A decade ago Stanley Katz asserted that the eighteenth century American lawyer exhibited "a surprising familiarity with contemporary English law and a high degree of technical competence," and challenged legal historians to reappraise traditional views of the colonial bar. To a great extent this task has been undertaken, but the legal history of early Virginia still languishes. Anxious to rectify this situation, Professor W. Hamilton Bryson of the University of Richmond School of Law has compiled a "census" of law books in early Virginia, hoping to "shed some light on the law which shaped the lawyers who shaped the nation."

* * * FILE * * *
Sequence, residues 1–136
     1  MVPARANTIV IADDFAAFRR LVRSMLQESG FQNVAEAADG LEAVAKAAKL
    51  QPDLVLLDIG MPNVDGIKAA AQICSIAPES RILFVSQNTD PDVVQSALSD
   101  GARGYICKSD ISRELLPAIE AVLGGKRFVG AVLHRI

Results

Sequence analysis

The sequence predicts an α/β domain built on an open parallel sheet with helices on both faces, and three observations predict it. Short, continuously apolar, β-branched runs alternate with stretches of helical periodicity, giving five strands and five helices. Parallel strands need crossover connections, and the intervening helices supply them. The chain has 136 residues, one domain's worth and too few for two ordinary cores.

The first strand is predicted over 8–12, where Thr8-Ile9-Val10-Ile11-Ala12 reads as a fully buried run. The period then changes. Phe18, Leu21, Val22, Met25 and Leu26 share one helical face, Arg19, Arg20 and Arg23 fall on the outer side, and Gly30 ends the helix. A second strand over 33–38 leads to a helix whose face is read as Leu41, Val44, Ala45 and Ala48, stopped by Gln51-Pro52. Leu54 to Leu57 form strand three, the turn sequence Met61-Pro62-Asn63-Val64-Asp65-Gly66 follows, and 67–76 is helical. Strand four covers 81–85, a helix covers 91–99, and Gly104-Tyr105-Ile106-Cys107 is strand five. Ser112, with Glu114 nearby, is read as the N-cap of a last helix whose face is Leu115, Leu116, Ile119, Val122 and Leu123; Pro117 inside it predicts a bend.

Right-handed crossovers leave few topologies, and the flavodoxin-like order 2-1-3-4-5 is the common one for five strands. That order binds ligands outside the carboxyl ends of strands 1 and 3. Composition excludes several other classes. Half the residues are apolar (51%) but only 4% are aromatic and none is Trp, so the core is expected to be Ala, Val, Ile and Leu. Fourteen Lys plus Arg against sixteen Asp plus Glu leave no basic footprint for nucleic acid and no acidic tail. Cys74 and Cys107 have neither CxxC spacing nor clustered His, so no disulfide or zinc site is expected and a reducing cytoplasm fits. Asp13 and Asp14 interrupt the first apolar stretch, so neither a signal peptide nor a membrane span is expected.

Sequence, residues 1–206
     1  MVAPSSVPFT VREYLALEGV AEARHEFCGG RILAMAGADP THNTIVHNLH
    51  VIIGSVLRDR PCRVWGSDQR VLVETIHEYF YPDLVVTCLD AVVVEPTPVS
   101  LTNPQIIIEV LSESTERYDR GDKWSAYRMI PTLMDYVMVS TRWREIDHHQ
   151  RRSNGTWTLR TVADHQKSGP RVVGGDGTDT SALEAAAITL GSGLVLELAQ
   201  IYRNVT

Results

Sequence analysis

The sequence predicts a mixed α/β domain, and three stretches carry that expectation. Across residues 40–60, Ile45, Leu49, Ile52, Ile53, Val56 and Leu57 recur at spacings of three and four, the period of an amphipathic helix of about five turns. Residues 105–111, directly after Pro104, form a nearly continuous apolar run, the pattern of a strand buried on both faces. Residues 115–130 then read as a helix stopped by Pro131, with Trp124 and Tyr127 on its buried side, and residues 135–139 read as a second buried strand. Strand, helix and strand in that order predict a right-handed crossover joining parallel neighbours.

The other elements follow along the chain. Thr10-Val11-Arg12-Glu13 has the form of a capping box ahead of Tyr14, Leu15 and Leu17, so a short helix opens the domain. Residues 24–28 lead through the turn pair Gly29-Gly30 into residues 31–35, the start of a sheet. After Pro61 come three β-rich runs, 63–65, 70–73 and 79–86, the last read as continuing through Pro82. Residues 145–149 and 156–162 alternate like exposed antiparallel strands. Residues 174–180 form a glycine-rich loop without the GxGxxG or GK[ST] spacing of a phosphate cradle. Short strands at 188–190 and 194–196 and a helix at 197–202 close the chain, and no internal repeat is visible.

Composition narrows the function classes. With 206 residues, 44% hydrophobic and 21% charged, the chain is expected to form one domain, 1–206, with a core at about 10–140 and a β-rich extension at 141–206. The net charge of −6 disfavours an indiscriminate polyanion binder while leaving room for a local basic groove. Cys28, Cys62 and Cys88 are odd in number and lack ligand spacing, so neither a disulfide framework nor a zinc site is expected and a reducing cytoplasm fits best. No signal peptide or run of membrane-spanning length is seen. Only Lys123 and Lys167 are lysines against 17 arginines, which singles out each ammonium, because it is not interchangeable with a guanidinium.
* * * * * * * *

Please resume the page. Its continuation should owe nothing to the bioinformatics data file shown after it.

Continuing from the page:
E. L. Shepard,
Census of Law Books in Colonial Virginia By William Hamilton Bryson,
U. Rich. L. Rev.
Available at: http://scholarship.richmond.edu/lawreview/vol13/iss2/14